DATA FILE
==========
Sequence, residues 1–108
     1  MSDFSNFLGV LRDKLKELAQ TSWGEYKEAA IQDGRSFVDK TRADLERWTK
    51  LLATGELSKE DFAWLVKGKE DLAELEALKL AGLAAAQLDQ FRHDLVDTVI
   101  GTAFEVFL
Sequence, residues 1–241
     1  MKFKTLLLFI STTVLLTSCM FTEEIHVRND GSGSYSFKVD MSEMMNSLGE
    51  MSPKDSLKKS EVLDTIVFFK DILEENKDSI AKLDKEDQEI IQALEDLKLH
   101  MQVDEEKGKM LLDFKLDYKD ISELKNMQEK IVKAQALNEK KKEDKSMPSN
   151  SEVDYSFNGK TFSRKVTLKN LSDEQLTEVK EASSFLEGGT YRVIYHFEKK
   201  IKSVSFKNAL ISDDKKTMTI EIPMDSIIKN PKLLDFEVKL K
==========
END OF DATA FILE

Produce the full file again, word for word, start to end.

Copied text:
Sequence, residues 1–108
     1  MSDFSNFLGV LRDKLKELAQ TSWGEYKEAA IQDGRSFVDK TRADLERWTK
    51  LLATGELSKE DFAWLVKGKE DLAELEALKL AGLAAAQLDQ FRHDLVDTVI
   101  GTAFEVFL
Sequence, residues 1–241
     1  MKFKTLLLFI STTVLLTSCM FTEEIHVRND GSGSYSFKVD MSEMMNSLGE
    51  MSPKDSLKKS EVLDTIVFFK DILEENKDSI AKLDKEDQEI IQALEDLKLH
   101  MQVDEEKGKM LLDFKLDYKD ISELKNMQEK IVKAQALNEK KKEDKSMPSN
   151  SEVDYSFNGK TFSRKVTLKN LSDEQLTEVK EASSFLEGGT YRVIYHFEKK
   201  IKSVSFKNAL ISDDKKTMTI EIPMDSIIKN PKLLDFEVKL K